Disclaimer: I do not own Dark Shadows or any otherwise copyrighted material contained herein.
A/N: This is the fifth story in the (seven part) Willie Loomis World Series. Preceding titles are Little Willie, Globetrotters, The Maine Event and Changes. After this is Interlude and Haplessly Ever After.
The time period has been altered from the original series. Part I begins in 1956. In 1981, Willie is 24 years old.
Warning: Explicit language.
Solicitation: Your comments and feedback are welcome and definitely appreciated.
So this is hell.
Willie remembered how Sister Mary Francis would sneer through her wire-rimmed spectacles, clobber him with a ruler and croak, "You are going to hell, boy!" Well, the old nun was right.
Sitting on the bottom steps of the staircase in the main hall, the young man looked out the open door at the early morning light filtering through the trees. Not many leaves left. Cold air blew in, but it was crisp and clean. The air inside was just as chilly, but musty and dank.
Willie and his new boss had moved into the dilapidated mansion the night before. Barnabas had seemed distressed at the condition of the house and at the same time exhilarated at its potential. What Willie saw was that, between the vermin in the basement, cockroaches in the upholstery, and bats in the attic, there was not a safe place to even sit down.
Vampire and servant had moved the coffin into the basement where it was displayed center stage in the main room. Then, candelabrum in hand, Barnabas showed him other subterranean chambers: the root cellar, the dairy cellar, the wine cellar, the scullery and the kitchen, which had all the charm of a deserted cave. The blackened fireplace took up most of one wall and was big enough to walk in.
On the ground level were the main entrance hall, a receiving room/parlor, library, ballroom, dining room and the butler's pantry from which one could access the servants' staircase and rear service entrance.
Upstairs were corridors leading to the nursery and assorted bedrooms. Barnabas pointed out the largest, which had tall windows and even taller ceilings; that would be his dressing room. He paused at the threshold of a lady's suite, where Willie waited silently in the shadows for the boss to continue. At the end of the hall, Barnabas peered in an unfamiliar room.
"Bathroom." Willie explained. The vampire frowned, unimpressed by the concept of modern plumbing and skeptical of running water.
On the third floor were the servants' quarters, segregated by sex into two hallways. To the left, Barnabas led him past rooms once assigned to butlers and valets to the second to last door. The master explained it was for the under footman. Willie's accommodations must be modest as to not consume valuable time. The smallest room, next door, was for the stable boy, but that didn't have a fireplace.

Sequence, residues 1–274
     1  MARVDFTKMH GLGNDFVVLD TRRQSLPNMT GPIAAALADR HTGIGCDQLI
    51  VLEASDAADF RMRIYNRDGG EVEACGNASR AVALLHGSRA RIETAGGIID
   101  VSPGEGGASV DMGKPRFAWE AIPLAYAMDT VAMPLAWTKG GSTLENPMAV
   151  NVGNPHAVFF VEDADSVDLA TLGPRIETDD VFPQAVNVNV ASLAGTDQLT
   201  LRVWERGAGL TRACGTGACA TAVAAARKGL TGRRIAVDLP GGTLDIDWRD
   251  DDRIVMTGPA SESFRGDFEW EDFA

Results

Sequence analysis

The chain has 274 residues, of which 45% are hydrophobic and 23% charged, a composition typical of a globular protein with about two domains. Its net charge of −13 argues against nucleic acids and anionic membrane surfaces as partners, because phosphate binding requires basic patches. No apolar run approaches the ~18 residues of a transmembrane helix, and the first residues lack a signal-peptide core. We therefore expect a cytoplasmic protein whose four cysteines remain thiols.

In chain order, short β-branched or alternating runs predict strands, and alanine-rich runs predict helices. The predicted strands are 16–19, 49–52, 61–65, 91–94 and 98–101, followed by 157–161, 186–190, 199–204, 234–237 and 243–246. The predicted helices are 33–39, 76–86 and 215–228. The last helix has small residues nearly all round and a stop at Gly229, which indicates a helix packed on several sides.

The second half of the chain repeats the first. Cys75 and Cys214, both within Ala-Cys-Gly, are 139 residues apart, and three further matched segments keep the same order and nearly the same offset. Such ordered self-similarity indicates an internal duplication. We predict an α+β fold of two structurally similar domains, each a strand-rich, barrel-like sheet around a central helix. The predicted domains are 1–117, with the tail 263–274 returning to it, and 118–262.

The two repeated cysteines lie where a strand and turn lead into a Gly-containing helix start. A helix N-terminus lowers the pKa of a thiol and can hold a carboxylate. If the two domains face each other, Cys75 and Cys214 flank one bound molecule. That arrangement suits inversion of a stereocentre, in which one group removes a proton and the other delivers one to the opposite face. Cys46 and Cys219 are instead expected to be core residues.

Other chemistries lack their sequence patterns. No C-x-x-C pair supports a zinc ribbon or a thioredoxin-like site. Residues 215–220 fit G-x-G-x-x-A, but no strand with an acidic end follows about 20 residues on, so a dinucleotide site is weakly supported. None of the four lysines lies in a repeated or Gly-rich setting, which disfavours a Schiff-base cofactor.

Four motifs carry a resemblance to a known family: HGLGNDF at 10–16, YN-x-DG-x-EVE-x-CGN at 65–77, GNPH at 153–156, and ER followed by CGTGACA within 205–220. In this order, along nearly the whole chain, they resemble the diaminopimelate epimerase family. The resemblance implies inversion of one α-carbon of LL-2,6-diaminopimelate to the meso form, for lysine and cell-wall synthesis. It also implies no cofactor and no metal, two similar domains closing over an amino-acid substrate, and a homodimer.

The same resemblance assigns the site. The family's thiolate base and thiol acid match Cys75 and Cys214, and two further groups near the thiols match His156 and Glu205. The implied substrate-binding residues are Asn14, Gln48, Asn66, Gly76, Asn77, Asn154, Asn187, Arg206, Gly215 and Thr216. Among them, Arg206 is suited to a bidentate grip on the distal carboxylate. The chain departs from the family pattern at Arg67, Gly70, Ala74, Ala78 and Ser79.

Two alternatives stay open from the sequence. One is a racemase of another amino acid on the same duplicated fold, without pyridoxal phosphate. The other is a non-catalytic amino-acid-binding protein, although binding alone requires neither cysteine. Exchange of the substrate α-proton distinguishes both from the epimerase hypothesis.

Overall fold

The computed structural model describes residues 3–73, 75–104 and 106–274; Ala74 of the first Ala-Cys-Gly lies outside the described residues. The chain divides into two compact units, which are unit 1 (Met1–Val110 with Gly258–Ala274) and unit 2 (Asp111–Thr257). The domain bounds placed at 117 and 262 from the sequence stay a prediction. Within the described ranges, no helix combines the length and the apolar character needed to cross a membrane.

Left unseen was the attic, which was used for trunk and furniture storage and, from what they could hear, hosting bats.
As dawn approached, the vampire descended to his basement coffin for the day. He handed his cloak to Willie, who pounded a nail into the wooden beam nearby and hung it out of harm's way. As usual, Barnabas took his walking stick to bed with him like a damn teddy bear.
Now the newly appointed handyman was on his own until sunset. He had instructions to begin by cleaning out the master's suite and his room so they would be able to dress and rest in relative comfort. Then he was to proceed to the main hall and parlor. The only thing lacking was any sort of cleaning supplies. Willie wandered from room to room, exploring, investigating, evaluating.
He pulled white sheets off the furniture, raising clouds of dust and sending critters in all directions. Well, he would never be lonely in this dump; it was more densely populated than downtown Calcutta. Willie suddenly laughed out loud. If he were a cartoon, all the rats, bats and roaches would dance around and sing songs while they cleaned the house for him. His name could be Cinderfella.
From rummaging through papers in desk drawers, the young man discovered that this place was inhabited back in 1914. Parts of it looked as if the residents just walked out one day and never came back. The décor was a haphazard mix of 100 or more years; portraits spanning multiple generations covered every wall and staircase, and marble statuary lined the main hall. By banging on the wall paneling, he discovered at least three secret rooms or passage ways. It filled every requirement of a haunted house, except for the presence of ghosts and that, Willie was convinced, was only a matter of time. There was a rocking horse upstairs that moved, albeit crookedly, by itself.
He claimed two of the dust-cover sheets, shook off mouse pellets and put them aside for his bed.
The cellar storage rooms contained no foodstuffs at present but the whole place reeked of mold and mildew. The kitchen drawers housed some useful items and a small mismatch of cracked place settings. There was a rusty water pump which yielded nothing.
Eventually, he came across a maid's closet, from which Willie acquired a horsehair broom and copper bucket and headed for the second floor. En route to the master bedroom, he stopped in the mansion's only bathroom. There was a claw foot bathtub, a sink and mirror, a toilet (devoid of water) with a chain pull, and—another thing to sit on, like a European bidet, only made out of wood.
After concerted effort, Willie successfully rotated the spindled sink faucets. Air pushed through, followed by a belching spurt and a trickle of brown liquid. He would let that run for awhile; maybe it would get better.